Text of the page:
A seven-figure endowment generously donated by Elaine Haglund, Professor Emerita from the Department of Advanced Studies in Education and Counseling, is responsible for CSULB’s newly established Global Studies Institute (GSI). The endowment’s funding comes in perpetuity and underlines the three pillars of the Declare Capital Campaign—Transformation, Access and a Greater Community.
The Global Studies Institute has as its goal making “international” integral to what it means to be educated.
“The institute is primarily committed to reaching students through the curriculum, as well as by connecting our students via technology with their counterparts overseas,” she added. “Too, the institute encourages students to study, intern or volunteer abroad. If donations to the Institute increase, we hope to establish scholarships for these extremely valuable overseas experiences that in most cases have transformative effects on their academic choices and career plans.”
One goal is to reach the vast majority of students unlikely to consider going abroad.
“However, it’s the 99 percent of the CSULB students who are not likely to study or intern abroad that are those we most need to reach,” Haglund said. “It is vital in this globalized 21st century that first, university students are exposed and sensitized to global issues; second, that they have a heightened consciousness regarding other peoples and cultures and third, where possible, that students gain a toolbox of international and global skills including transcultural and trans-lingual application.”
By conducting faculty workshops and granting faculty stipends, one of the aims of the Global Studies Institute is to develop a wide variety of internationally related courses as well as to infuse international and cross-cultural modules into existing courses.
“Currently, the institute is coordinating a federal Title VI interdisciplinary grant to aid in the development of four new foreign language certificates; a general education theme, as well as an honors track, both of which are focused on Global Competencies and Language; a Peace Corps master’s degree in Global Nursing; and evaluation measures based on objective and quantifiable data,” said Haglund. “In addition to the campus-wide curriculum development, another goal of the Institute is to help fund students’ overseas experiences—study, internships and service learning courses.”
In Haglund’s mind, “Students need to be encouraged to engage with the unfamiliar. Learning about other cultures and languages leads to greater compassion among peoples. It is as Senator William Fulbright once stated: ‘International education turns nations into people.’”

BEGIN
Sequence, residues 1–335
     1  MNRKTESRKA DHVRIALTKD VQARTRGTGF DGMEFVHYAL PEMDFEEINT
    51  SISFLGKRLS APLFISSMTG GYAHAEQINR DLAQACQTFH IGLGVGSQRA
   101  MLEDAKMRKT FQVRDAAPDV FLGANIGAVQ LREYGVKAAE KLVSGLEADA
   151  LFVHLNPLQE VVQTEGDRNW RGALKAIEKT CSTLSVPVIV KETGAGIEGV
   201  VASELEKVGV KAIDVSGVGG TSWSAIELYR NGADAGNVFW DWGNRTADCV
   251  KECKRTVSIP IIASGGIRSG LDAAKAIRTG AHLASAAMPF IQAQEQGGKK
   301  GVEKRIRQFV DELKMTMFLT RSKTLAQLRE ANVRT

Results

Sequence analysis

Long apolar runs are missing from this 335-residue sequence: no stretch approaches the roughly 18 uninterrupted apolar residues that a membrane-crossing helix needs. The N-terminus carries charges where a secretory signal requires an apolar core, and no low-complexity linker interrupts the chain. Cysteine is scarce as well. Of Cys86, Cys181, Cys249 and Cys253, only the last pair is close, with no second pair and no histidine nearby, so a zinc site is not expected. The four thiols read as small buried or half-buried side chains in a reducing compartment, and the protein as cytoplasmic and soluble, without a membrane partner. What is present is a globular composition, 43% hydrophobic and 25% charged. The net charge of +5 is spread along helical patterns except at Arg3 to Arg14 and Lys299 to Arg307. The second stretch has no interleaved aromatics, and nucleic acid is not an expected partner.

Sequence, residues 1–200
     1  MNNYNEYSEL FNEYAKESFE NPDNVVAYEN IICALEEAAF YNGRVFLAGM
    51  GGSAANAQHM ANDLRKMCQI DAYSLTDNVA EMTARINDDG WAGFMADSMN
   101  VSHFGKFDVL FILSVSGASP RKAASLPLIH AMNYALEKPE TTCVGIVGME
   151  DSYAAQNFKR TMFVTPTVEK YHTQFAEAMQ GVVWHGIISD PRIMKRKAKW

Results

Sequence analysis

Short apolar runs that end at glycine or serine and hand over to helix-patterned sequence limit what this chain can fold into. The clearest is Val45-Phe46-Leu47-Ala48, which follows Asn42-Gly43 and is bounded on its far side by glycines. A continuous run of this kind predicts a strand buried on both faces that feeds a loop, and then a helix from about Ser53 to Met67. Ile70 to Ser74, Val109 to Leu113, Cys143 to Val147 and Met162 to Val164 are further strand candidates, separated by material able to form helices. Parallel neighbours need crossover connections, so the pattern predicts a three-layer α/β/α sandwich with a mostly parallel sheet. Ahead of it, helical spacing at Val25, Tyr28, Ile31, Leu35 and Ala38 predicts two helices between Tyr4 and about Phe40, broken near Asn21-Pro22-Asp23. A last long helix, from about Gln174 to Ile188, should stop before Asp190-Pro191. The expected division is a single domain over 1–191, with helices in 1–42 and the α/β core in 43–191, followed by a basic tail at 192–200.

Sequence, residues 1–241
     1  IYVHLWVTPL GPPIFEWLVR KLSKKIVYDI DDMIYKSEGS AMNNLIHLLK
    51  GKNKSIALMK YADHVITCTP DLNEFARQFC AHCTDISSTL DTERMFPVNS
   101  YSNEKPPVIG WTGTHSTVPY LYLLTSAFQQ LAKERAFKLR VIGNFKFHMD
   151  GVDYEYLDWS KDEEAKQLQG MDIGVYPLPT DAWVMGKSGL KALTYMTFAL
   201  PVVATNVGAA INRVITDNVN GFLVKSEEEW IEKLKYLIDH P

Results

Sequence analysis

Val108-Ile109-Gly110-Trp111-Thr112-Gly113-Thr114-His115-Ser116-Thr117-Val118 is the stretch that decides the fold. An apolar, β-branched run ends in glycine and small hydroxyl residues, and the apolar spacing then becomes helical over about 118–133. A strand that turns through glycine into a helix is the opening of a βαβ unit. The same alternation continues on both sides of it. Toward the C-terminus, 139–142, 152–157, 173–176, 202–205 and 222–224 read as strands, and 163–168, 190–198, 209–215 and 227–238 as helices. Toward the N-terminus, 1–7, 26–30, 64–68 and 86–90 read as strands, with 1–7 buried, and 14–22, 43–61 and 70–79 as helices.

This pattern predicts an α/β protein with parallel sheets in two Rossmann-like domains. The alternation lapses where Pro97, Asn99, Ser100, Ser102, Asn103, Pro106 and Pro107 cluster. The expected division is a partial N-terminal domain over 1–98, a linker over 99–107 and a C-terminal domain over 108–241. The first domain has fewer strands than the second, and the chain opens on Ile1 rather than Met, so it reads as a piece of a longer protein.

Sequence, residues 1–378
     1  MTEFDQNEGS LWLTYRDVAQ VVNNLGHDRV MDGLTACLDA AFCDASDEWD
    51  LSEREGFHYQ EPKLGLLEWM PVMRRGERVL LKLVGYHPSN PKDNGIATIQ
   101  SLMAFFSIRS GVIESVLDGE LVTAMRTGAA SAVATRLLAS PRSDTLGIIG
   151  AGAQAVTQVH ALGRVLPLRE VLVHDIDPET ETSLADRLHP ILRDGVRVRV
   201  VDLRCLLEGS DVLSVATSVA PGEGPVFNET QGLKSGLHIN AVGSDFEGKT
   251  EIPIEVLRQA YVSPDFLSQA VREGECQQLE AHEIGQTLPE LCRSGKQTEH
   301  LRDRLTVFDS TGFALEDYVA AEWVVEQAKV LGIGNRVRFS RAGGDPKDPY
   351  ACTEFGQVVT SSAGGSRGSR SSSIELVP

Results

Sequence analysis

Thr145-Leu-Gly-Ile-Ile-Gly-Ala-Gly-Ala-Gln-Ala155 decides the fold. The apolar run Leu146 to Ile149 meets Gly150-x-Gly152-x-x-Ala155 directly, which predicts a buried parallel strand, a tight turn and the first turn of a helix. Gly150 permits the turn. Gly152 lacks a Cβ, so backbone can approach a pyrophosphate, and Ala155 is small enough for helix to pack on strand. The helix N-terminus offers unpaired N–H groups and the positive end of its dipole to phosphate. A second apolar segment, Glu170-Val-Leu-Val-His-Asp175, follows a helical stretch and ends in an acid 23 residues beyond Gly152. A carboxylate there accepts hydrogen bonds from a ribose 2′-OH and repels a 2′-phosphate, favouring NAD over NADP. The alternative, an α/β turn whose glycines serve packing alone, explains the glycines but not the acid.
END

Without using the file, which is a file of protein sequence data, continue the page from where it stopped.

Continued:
Access is fundamental to Haglund’s vision. She emphasized that “Had it not been for California’s state-funded colleges and universities, I probably could not have attended college due to limited family finances—even though UCLA at the time was only $43 a semester. At this point in time, giving is needed more than ever to help bridge the gap between diminishing state funds and sharply increased student fees that have doubled in the last 10 years. Unfortunately, a majority of our students are graduating with an enormous burden of having to pay off their student loans—thus significantly delaying their ability to actively contribute their time and treasure, if any, to the larger community.”
The components of international education are highly developed at CSULB.
“Not only is there an International House where both domestic and international students reside, there is a thriving Center for International Education providing infrastructure for study abroad and international student services,” Haglund explained. “There is a broad array of short-term study abroad courses, a model International Studies major, active and innovative language and linguistics departments, a significant proportion of faculty committed to international education, and a clearly articulated `Global Perspective’ component in the university’s mission statement.”
Haglund joined the faculty in 1971. During her more than 40 years on campus, she received CSULB’s Distinguished Faculty Teaching Award in 1989, three Fulbright Fellowships and the Nicholas Perkins Hardeman award for Academic Leadership in 2008. Haglund has served as a visiting professor in Nigeria, Ecuador, Kazakhstan, Vietnam, Turkish Cyprus, Morocco, Nepal, South Korea, Micronesia and twice in the People’s Republic of China.
Haglund encourages the campus and surrounding community to be generous with their support.
“We live in an interdependent and globalized world where political, economic and social interactions across borders are increasing at an exponential rate,” she declared. “Accordingly, it is vital that students graduating from all of CSULB’s diverse programs hold the skills to be globally competent and personally fulfilled in their professions.”
She concluded by saying, “Opening our students’ minds and senses to the world has been—and continues to be—a lifelong commitment.
“I can’t think of a more stimulating and pleasant place to be than on a university campus interacting with our wonderful students, faculty and staff members. But more to the point, I feel fortunate to be able to continue the work that many of us set out to accomplish over three decades ago—that of helping our students become more and more internationally knowledgeable and culturally aware, thus better prepared to live and work in this borderless world of the 21st century,” she added.